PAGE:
Getting to know you: Helena Farstad

What do you currently do?
Since 2012 I’ve been building my ethical womenswear brand.

Multemyr is a classic, high-quality label for professional women.

In doing so I have realised the importance collaboration plays in conquering the challenges of running small businesses. I co-founded a collective called The WISE Creative, whose focus is on supporting and promoting independent UK designers with low-risk routes to market.

And I’m consulting for ZymPay, the world’s first ethical money transfer business, providing project management and process documentation support.

What’s your inspiration in business?
I want to set the benchmark for best practice in the fashion industry, a standard that other labels can aspire to. I am constantly amazed and inspired by small businesses that have battled all odds to make a profit without losing sight of their ethical foundations. It’s really very difficult to maintain that promise to customers in this business.

Who do you admire?
Green MP Caroline Lucas for joining the anti-fracking protest last year, and now facing trial for her involvement. And anyone who has the guts to start a business by themselves.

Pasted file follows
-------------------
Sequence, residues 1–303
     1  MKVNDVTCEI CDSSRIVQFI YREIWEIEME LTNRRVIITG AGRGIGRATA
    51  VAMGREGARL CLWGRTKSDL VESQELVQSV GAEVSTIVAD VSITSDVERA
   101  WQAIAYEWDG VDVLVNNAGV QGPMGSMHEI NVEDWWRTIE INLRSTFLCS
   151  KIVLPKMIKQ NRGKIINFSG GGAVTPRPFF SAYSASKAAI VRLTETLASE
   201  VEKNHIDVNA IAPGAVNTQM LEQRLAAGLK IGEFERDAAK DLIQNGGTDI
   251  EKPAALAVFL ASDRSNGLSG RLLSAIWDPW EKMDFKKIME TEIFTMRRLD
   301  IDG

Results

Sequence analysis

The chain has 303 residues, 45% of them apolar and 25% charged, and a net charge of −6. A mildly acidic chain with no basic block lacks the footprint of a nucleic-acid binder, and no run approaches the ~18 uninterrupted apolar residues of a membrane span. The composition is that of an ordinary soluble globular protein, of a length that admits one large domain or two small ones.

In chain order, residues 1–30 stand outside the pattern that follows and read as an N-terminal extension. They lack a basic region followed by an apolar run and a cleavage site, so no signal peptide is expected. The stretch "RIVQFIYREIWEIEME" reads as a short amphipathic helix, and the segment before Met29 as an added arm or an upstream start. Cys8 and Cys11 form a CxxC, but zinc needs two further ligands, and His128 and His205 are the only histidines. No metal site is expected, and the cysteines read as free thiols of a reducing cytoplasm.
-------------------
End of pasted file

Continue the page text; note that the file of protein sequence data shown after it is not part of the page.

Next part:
What defines your way of doing business?
I make quick decisions – very often guided by gut instinct. Honesty and integrity are fundamental values for me, it’s not something you can simply layer on, you have to live that way, so I find it best to be open. With me what you see is what you get. Key for me is relationship building, paying fairly and transparency across the whole supply chain.

What advice would you give to someone starting out?
Avoid regular overheads to keep your new enterprise flexible and agile. Cashflow is vital and establishing a customer base will take much longer than you think.

Map out your business functions, such as marketing, financial planning etc. and identify the ones you need help with. Be honest about where your strengths lie and the time you can devote to each area, then prioritise these activities and outsource accordingly.

Remember you may provide the best products or service but people will not know about it unless you tell them! Make sure what you do is easily communicated, not just by the team but your suppliers and customers too.

Team up with likeminded people who believe in your objectives but make sure they have complementary skills. Together you’ll be a stronger, more resilient and effective business.

Listen to people who have started their own business, although technology may have moved on, it’s reassuring to remind yourself that the basic rules of business never change.